23. Princeton’s Mitch Henderson
He was the first 12-time letter winner — basketball, baseball and football — in the history of Indiana’s Culver Military Academy, whose alums include Yankees owners George Steinbrenner. The Yankees drafted him in the 29th round as a pitcher but he elected to play basketball at Princeton. He had eight points and four steals in the Tigers’ famous NCAA tournament first round upset of defending national champion UCLA in 1996.
24. Northern Kentucky’s Darrin Horn
As a player he led Western Kentucky to NCAA tournament upsets of Memphis (with Penny Hardaway). Seton Hall and Michigan. He also once beat Louisville with a late 3-pointer.
25. West Virginia’s Bob Huggins
He might have given the most poignant hug in Final Four history. When West Virginia’s Da’Sean Butler lay on the floor sobbing in agony after badly injuring his knee in during a 2010 semifinal a loss to Duke, Huggins came on the floor, got to his knees, and consoled his senior, whispering into his ear. The film clip ran everywhere.
26. Arizona State’s Bobby Hurley
His rookie year for the Sacramento Kings in the NBA in 1993 was going fine until the December evening he was headed home after a game and was blindsided by a station wagon being driven without headlights. Thrown 100 feet from his car and sustaining life-threatening injuries, he was never the same player again.
27. Connecticut’s Dan Hurley
In the 1992 Sweet 16, Hurley was 0-for-4 and scoreless for Seton Hall in an 81-69 loss to Duke. Scoring four points for the Blue Devils was his older brother Bobby. Two days later, Duke beat Kentucky in their epic game and Dan Hurley has joked that if he had shot better, Christian Laettner may never have had the chance for his famous shot.
28. Michigan State’s Tom Izzo
He grew up in the Michigan Upper Peninsula town of Iron Mountain, which averages 61 inches of snowfall a year and once hit 39 degrees below zero. It is known for a giant bat cave, a renowned ski jump and the hometown of best pals Izzo and former NFL coach Steve Mariucci.
29. Mississippi State’s Chris Jans
It was bombs away when he was a player at Loras College in Iowa. He made 133 3-pointers his senior season, more than any college player in the nation. Nobody on his team this season has more than 37.
30. Texas Southern’s Johnny Jones
Not many guys can say this. He played in the last third place game in Final Four history. He scored four points off the bench for LSU in its 78-74 loss to Virginia in 1981. LSU had lost to Indiana, Virginia to North Carolina. The third place game was forever scrubbed in 1982.
31. North Carolina State’s Kevin Keatts
He quickly won over the program when he arrived back in 2017 in at least two ways. One, he was the first Wolfpack coach in 99 years to beat Duke, North Carolina and Wake Forest his first try. Two, ice cream for everyone in the traveling party after road wins!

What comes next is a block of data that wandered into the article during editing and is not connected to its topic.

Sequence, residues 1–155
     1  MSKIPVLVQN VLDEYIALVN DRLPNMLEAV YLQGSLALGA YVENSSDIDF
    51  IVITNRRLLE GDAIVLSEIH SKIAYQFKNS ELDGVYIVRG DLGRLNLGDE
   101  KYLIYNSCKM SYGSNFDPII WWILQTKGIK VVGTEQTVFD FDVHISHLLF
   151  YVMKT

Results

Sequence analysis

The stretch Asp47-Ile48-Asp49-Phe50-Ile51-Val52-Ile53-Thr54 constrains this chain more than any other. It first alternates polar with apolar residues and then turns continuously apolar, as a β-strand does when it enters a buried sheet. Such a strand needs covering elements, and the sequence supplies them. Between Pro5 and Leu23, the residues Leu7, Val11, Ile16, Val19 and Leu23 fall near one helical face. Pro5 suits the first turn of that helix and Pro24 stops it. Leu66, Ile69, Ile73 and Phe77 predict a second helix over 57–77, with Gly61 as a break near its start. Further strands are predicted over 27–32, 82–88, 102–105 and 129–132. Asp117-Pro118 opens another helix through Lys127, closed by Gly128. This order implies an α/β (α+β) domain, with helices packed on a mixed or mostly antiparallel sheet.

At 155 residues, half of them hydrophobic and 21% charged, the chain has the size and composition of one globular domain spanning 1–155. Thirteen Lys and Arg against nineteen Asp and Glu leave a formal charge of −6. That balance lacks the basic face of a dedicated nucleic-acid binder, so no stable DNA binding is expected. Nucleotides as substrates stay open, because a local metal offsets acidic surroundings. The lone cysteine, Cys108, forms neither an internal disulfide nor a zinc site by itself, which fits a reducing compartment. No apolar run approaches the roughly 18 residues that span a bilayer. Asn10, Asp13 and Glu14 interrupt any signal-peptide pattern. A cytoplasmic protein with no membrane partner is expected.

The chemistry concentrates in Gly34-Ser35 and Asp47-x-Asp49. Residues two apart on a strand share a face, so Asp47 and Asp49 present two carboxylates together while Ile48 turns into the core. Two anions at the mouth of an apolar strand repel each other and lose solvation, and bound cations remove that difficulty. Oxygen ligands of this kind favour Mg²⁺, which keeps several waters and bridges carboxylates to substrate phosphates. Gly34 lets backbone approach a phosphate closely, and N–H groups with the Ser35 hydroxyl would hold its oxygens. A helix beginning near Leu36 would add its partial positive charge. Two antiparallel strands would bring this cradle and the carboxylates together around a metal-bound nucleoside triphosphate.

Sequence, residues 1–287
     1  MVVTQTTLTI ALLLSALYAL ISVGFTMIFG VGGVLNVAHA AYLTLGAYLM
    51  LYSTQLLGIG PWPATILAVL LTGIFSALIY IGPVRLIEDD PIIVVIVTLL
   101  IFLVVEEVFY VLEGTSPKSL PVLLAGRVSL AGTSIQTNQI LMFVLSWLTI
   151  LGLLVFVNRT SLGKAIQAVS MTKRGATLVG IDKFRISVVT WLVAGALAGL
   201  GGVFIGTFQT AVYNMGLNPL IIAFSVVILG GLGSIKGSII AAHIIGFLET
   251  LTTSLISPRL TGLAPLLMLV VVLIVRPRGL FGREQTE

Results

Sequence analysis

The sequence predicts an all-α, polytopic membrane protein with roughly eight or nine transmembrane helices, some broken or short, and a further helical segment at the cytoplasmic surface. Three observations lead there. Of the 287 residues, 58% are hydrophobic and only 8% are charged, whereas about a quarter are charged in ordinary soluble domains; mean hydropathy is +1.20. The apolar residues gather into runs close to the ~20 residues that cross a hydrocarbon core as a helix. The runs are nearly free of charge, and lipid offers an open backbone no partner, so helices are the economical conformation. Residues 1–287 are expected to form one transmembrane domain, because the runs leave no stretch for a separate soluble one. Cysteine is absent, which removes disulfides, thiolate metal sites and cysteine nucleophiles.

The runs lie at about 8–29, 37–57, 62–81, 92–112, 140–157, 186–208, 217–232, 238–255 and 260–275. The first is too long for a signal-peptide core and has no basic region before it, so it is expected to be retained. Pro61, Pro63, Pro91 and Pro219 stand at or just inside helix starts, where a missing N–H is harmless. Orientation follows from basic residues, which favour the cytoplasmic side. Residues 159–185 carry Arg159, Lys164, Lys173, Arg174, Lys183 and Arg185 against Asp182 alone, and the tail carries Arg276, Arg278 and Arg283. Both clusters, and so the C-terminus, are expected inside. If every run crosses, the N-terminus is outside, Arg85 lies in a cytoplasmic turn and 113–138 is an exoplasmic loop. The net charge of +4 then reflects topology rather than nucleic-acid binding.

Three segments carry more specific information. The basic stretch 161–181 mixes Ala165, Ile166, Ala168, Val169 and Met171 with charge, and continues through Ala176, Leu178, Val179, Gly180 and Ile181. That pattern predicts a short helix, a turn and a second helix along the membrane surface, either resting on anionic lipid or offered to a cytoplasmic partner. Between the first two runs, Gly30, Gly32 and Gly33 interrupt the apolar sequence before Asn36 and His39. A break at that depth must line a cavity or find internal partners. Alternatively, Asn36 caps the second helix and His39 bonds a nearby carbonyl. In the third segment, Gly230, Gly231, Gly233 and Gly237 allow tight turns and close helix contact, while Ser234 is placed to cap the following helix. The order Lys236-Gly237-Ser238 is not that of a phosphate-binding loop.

32. Charleston’s Pat Kelsey
He once used a post-game press conference to give such an impassioned response to the Sandy Hook elementary school shooting massacre, the parents of one of the victims called to tell him what it meant to them. They reached him when he was on a recruiting trip.
33. Southeast Missouri State’s Brad Korn
At 6-9, he’s one of the tallest coaches in Division I. He played in three NCAA Tournaments for Southern Illinois.
34. Colgate’s Matt Langel
He was once an assistant coach in Holland for a team called the Eiffel Towers.
35. Miami’s Jim Larranaga
When he wasn’t leading George Mason on a Cinderella run to the 2006 Final Four he was an associate professor for the schools’ executive MBA program.
36. Arizona’s Tommy Lloyd
Not many other Power 5 coaches have a degree in biology.
37. Texas A&M-Corpus Christi’s Steve Lutz
He spent 26 years as an assistant in six different places before he got his chance to be a college head coach last season. First thing he did was bring in 10 transfers. He’s made the NCAA Tournament both years.
38. Louisiana’s Bob Marlin
During his tenure, he’s coached 36 players who have been recognized by the Sun Belt for academics. Nine of the 10 highest Cajuns’ semester grade point averages in the past 40 years have come on his watch.
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39. Florida Atlantic’s Dusty May
A special connection landed him a student manager’s spot for Bob Knight’s Indiana teams, and an opportunity to learn a lot about coaching basketball. The connection? He mowed the team doctor’s lawn. And while we’re on the subject . . .
40. UC Santa Barbara’s Joe Pasternack
He was a student manager at Indiana the same time as May and graduated one year ahead of him in 1999. Probably fitting their teams qualified for the 2023 NCAA tournament on the same day. Another Indiana manager who graduated a year ahead of Pasternack is Mike Schrage, who is on Jon Scheyer’s staff at Duke. Knight apparently had some pretty smart guys breaking down game film back then.
41. Iowa’s Fran McCaffery
In 2014, he had to rush from Iowa City to get to the arena in Dayton, Ohio in time to coach the Hawkeyes’ First Four game. He had stayed back in Iowa that morning to be with son Patrick, who was having a tumor near his thyroid removed. The tumor turned out to be cancerous. Now Patrick plays for his father.
42. Creighton’s Greg McDermott
You can’t get more Midwestern than this: He grew up on a farm in Cascade, Iowa. Just 16 miles up the road is Dyersville, the baseball setting for Field of Dreams.
43. Xavier’s Sean Miller
He was such a deft ballhandler as a kid, he appeared on the Johnny Carson show and as a dribbling phenom in a movie The Fish That Saved Pittsburgh.
44. Oral Roberts’ Paul Mills
He has a master’s in biblical and theological studies from Dallas Theological Seminary. So yeah, the Golden Eagles should have a prayer against Duke.
45. UNC Asheville’s Mike Morrell